During the last two decades, externally bonded uni-directional fiber-reinforced polymer (FRP) composites have been widely used for strengthening, repairing, and rehabilitation of reinforced concrete (RC) structural members. The bond characteristics contribute to the effectiveness of the stress transfer achieved between the FRP composite and the concrete substrate. Debonding of the FRP composite reinforcement is the most critical concern in this type of application. Under monotonic and fatigue loading conditions, FRP-concrete shear debonding has been idealized as a Mode-II fracture problem along the bi-material interface. A cohesive material law is used to describe the interfacial stress transfer at the macroscopic level. The area under the entire curve represents the fracture energy and is related to the load-carrying capacity of the interface. In this paper, previous experimental results and literature are discussed to show how the fracture energy can be considered a true fracture parameter. In addition, a simplistic onedimensional numerical analysis of the direct shear test is presented with the intent of pointing out the effect of the fracture parameters related to the cohesive material law on the load carrying capacity. The results are instrumental to discuss the strain limits provided in the ACI 440.2R-08 document.

Application of fracture mechanics to debonding of FRP from RC members

CARLONI, CHRISTIAN;
2012

Abstract

During the last two decades, externally bonded uni-directional fiber-reinforced polymer (FRP) composites have been widely used for strengthening, repairing, and rehabilitation of reinforced concrete (RC) structural members. The bond characteristics contribute to the effectiveness of the stress transfer achieved between the FRP composite and the concrete substrate. Debonding of the FRP composite reinforcement is the most critical concern in this type of application. Under monotonic and fatigue loading conditions, FRP-concrete shear debonding has been idealized as a Mode-II fracture problem along the bi-material interface. A cohesive material law is used to describe the interfacial stress transfer at the macroscopic level. The area under the entire curve represents the fracture energy and is related to the load-carrying capacity of the interface. In this paper, previous experimental results and literature are discussed to show how the fracture energy can be considered a true fracture parameter. In addition, a simplistic onedimensional numerical analysis of the direct shear test is presented with the intent of pointing out the effect of the fracture parameters related to the cohesive material law on the load carrying capacity. The results are instrumental to discuss the strain limits provided in the ACI 440.2R-08 document.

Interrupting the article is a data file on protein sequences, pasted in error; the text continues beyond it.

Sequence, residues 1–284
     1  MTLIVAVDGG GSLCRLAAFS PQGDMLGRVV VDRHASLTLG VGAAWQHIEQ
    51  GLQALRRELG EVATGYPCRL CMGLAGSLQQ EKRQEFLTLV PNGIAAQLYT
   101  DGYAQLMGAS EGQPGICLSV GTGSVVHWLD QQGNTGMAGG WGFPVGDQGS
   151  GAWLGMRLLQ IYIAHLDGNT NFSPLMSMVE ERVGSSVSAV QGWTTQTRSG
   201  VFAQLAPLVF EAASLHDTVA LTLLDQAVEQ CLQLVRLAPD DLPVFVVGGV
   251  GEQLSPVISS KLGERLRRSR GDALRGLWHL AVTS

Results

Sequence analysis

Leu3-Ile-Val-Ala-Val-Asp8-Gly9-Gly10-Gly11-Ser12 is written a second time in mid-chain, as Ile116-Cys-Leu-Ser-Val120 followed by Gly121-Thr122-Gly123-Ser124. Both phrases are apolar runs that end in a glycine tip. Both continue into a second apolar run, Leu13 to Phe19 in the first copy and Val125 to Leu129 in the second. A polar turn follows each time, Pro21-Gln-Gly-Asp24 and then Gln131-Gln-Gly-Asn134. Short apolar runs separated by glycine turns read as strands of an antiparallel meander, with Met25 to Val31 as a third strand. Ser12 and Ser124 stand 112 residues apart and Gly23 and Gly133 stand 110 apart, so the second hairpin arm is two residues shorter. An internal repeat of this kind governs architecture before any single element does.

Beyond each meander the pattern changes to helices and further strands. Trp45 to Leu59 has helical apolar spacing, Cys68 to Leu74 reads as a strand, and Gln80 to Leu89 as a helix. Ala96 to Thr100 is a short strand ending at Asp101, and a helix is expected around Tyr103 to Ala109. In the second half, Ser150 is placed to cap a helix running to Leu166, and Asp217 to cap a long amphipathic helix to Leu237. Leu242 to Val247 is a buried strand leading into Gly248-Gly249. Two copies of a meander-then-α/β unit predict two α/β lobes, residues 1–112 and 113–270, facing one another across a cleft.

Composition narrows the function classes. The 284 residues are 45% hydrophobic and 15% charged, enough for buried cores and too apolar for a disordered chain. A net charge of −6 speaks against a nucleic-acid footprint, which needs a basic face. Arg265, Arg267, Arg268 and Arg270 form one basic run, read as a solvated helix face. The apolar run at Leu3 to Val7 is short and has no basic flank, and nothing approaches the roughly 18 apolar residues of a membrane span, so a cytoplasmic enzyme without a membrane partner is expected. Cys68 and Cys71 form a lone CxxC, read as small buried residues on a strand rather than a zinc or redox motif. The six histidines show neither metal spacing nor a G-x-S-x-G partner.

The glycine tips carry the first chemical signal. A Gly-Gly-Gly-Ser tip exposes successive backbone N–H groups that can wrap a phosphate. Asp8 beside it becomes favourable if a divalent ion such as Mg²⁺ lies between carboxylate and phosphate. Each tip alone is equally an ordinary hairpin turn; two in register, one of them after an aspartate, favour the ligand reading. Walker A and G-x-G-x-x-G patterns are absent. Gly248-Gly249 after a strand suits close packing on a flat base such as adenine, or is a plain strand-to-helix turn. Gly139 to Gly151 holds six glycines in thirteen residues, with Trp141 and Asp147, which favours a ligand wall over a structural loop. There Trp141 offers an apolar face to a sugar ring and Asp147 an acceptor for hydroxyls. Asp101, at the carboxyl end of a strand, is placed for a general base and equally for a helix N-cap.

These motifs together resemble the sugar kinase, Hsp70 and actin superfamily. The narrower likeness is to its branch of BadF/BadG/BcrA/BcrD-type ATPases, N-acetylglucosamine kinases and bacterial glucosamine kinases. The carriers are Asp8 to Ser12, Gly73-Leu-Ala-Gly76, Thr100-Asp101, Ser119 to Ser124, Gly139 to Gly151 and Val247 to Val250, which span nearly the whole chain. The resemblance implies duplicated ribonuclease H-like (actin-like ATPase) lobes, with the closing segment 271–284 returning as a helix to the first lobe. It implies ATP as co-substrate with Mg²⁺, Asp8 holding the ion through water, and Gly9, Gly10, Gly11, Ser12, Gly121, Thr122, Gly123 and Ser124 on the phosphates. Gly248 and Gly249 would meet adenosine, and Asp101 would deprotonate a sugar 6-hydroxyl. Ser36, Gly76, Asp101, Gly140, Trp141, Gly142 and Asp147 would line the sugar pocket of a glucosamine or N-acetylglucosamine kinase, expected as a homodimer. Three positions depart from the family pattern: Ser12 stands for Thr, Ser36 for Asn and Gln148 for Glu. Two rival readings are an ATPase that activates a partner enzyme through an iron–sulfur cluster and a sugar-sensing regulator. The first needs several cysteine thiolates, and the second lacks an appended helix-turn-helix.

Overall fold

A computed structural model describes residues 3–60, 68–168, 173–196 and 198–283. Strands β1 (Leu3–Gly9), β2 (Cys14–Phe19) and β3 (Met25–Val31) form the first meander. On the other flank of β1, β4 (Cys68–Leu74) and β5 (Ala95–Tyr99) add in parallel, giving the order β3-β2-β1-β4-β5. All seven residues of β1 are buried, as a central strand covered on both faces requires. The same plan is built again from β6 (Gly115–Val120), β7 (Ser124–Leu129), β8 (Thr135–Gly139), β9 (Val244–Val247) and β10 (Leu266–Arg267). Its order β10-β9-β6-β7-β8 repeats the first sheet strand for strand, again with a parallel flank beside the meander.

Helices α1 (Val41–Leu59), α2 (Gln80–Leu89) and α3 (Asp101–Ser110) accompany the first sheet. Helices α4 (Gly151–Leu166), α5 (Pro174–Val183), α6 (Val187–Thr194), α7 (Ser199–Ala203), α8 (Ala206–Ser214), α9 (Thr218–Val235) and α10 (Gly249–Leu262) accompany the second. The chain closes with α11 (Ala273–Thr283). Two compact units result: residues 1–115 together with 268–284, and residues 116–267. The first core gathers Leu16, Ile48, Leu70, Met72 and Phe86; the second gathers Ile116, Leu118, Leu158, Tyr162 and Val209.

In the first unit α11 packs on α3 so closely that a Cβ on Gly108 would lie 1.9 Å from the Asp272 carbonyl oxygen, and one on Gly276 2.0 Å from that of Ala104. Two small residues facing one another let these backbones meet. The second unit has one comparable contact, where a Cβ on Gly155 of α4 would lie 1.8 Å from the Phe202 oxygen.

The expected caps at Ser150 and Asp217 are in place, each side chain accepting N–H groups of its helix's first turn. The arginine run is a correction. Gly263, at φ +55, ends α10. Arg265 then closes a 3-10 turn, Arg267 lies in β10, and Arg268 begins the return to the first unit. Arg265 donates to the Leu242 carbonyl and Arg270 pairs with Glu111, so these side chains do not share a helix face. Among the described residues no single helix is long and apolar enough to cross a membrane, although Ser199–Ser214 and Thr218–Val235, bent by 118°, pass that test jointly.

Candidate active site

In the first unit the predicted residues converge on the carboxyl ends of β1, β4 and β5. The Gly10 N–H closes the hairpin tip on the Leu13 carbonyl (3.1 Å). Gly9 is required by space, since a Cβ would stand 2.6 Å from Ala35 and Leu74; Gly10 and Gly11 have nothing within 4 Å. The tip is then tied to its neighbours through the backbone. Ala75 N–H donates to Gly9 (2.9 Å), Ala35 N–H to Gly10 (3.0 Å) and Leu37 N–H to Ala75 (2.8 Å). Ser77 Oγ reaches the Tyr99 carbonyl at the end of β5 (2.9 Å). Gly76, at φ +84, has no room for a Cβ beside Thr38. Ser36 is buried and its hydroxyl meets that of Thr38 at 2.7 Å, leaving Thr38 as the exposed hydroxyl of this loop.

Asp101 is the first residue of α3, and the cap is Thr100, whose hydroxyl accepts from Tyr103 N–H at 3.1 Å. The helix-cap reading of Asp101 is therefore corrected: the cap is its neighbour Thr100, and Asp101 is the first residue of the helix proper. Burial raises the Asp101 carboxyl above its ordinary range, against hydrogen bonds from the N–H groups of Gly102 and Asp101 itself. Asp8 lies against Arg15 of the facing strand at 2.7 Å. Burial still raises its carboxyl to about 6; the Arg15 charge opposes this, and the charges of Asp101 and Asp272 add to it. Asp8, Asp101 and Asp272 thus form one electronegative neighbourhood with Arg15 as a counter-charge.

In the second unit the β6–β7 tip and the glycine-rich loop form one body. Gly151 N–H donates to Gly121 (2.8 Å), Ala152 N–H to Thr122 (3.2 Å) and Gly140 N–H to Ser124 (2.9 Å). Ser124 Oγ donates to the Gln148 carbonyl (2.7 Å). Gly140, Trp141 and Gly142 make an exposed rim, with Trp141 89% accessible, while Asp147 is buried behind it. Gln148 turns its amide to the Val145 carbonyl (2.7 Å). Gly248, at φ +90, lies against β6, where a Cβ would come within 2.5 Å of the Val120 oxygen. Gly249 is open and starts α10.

ACI Special Publication 286
145
159
C. Carloni; Kolluru V. Subramaniam
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Utilizza questo identificativo per citare o creare un link a questo documento: http://hdl.handle.net/11585/478372
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